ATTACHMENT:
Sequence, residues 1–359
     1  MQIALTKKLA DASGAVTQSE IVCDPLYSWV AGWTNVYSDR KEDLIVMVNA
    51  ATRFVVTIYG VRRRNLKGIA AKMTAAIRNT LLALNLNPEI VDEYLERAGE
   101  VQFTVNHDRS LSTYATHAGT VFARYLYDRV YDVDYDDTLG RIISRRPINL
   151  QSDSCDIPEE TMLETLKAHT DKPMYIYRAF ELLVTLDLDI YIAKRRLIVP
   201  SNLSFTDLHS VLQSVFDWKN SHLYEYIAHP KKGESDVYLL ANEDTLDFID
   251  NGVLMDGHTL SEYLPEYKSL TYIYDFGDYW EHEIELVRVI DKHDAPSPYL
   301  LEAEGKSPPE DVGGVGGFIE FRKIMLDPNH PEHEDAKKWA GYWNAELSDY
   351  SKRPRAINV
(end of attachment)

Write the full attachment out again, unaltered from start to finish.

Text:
Sequence, residues 1–359
     1  MQIALTKKLA DASGAVTQSE IVCDPLYSWV AGWTNVYSDR KEDLIVMVNA
    51  ATRFVVTIYG VRRRNLKGIA AKMTAAIRNT LLALNLNPEI VDEYLERAGE
   101  VQFTVNHDRS LSTYATHAGT VFARYLYDRV YDVDYDDTLG RIISRRPINL
   151  QSDSCDIPEE TMLETLKAHT DKPMYIYRAF ELLVTLDLDI YIAKRRLIVP
   201  SNLSFTDLHS VLQSVFDWKN SHLYEYIAHP KKGESDVYLL ANEDTLDFID
   251  NGVLMDGHTL SEYLPEYKSL TYIYDFGDYW EHEIELVRVI DKHDAPSPYL
   301  LEAEGKSPPE DVGGVGGFIE FRKIMLDPNH PEHEDAKKWA GYWNAELSDY
   351  SKRPRAINV